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Try clapping your wet hands: A physics lesson from Virginia Tech engineers

Posted on August 16, 2013
Try clapping your wet hands; a physics lesson from Virginia Tech engineers

Try clapping your wet hands; a physics lesson from Virginia Tech engineers
This image is of a liquid sheet squeezed from two clapping hands at the velocity of 10.2 centimeter per second. Credit: Virginia Tech

Sunny Jung continues to redefine the views on the laws of physics, and in doing so, impacts the research on topics as varied as drug delivery methods to fuel efficiency.

 

In a paper appearing this month in Physical Review E, Young and five colleagues reported on the dynamics of squeezing fluids using a simple experiment of clapping with wet hands. As an engineer, Jung described “this outburst of fluid motion” as the unusual physical phenomena.

Earlier in his career, Jung, an assistant professor of engineering science and mechanics at Virginia Tech, made headlines in the New York Times for his study with peers from MIT and Princeton on how a cat exploits fluid inertia to defeat gravity and actually pulls liquid into the feline’s mouth. The implications of this research can be used in understanding more about the technology of microfluidics, the behavior of fluids at the microscale level, including pharmaceutical drug deliveries into the fluids in the human body.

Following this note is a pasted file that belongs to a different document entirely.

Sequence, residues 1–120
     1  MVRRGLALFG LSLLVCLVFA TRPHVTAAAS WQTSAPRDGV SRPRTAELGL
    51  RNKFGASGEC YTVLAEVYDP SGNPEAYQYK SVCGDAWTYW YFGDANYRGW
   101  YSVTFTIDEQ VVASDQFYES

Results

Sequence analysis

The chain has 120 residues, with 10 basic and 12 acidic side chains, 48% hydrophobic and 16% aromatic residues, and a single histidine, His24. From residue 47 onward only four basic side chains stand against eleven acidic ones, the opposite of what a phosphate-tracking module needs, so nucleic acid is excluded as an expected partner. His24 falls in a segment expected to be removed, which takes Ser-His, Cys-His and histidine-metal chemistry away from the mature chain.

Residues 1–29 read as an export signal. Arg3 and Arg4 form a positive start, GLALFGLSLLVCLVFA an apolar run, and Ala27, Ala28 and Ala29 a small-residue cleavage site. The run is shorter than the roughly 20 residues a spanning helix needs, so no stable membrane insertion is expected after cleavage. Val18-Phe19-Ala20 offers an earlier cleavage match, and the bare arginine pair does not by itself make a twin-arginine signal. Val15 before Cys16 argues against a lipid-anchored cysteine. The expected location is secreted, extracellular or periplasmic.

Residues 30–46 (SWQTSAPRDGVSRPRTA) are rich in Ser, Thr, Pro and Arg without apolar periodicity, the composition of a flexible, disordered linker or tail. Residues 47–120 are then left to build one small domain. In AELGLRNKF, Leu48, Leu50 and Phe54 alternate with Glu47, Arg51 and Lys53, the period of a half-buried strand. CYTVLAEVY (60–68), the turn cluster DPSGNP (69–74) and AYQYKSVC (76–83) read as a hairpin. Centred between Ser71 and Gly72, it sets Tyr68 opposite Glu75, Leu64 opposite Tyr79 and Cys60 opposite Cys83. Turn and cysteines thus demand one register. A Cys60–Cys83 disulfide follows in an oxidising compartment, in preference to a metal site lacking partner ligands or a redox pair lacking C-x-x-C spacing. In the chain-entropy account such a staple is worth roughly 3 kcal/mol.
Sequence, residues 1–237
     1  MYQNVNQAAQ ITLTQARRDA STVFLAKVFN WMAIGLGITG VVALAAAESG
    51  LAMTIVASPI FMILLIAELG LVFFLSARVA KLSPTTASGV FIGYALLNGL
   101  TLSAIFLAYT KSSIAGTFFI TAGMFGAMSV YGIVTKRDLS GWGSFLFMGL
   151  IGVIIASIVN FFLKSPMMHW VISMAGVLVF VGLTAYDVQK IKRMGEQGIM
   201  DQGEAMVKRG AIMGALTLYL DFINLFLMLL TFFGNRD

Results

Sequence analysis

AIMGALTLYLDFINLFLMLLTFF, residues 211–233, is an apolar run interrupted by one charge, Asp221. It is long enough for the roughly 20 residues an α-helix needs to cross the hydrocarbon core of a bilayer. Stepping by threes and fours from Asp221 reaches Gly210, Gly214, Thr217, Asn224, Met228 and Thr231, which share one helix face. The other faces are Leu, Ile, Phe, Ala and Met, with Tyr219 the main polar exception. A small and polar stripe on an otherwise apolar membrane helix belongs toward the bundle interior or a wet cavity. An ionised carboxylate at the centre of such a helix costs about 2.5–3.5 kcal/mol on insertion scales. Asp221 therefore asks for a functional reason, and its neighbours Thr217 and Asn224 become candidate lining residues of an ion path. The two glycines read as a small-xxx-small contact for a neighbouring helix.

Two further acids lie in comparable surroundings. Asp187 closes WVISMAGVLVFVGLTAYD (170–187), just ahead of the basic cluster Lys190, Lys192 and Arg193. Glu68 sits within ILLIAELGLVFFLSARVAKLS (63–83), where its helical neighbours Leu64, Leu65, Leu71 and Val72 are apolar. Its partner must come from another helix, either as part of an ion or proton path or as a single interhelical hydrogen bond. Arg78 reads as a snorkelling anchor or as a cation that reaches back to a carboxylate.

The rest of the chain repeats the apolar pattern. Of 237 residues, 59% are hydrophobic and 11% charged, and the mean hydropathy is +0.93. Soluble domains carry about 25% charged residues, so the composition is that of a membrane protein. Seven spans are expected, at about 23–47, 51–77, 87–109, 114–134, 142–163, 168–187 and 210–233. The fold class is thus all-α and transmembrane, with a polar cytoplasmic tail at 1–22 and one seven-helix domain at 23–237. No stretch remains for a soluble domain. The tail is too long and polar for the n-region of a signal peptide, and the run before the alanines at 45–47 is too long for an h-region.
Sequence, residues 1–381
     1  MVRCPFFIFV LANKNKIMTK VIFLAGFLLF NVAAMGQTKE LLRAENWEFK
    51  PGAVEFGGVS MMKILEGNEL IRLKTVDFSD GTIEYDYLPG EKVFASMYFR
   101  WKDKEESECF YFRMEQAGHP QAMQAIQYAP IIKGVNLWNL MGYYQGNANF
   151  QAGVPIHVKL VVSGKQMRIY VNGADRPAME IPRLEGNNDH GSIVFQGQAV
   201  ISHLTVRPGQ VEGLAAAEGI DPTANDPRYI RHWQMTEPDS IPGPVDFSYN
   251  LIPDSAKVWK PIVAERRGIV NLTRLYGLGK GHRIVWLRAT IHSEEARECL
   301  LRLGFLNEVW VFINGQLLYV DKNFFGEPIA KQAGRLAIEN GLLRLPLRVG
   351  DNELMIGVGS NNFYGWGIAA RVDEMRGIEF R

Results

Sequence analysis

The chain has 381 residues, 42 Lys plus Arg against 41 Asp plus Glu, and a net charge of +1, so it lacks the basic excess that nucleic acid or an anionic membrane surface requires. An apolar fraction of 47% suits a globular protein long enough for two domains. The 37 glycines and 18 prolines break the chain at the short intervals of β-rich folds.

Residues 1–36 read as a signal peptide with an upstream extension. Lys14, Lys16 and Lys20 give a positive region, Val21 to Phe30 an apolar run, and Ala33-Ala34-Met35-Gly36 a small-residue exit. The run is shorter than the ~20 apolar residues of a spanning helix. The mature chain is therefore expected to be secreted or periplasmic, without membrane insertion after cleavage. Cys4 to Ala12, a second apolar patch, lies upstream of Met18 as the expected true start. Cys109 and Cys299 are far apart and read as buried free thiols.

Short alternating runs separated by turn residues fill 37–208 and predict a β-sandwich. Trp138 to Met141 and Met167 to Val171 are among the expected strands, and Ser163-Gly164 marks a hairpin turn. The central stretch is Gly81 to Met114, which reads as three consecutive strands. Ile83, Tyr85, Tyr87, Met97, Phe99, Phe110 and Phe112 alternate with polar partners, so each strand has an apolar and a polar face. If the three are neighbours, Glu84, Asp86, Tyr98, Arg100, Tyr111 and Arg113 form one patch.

In a different study involving liquids, Jung showed how certain identical flows of fluids, normally thought to coalesce to form a single mass of fluid, would not if the speed of the flow was increased beyond a certain threshold. Understanding this reaction of fluid flows has implications for the mixing of fuel fluids in order to maximize combustion to attain fuel efficiency.

Jung’s achievements in fluid flow won him the 2010 international Milton Van Dyke award from the American Physical Society. He had only received his doctorate in physics five years earlier from the University of Texas at Austin.

Read more at: Phys.org

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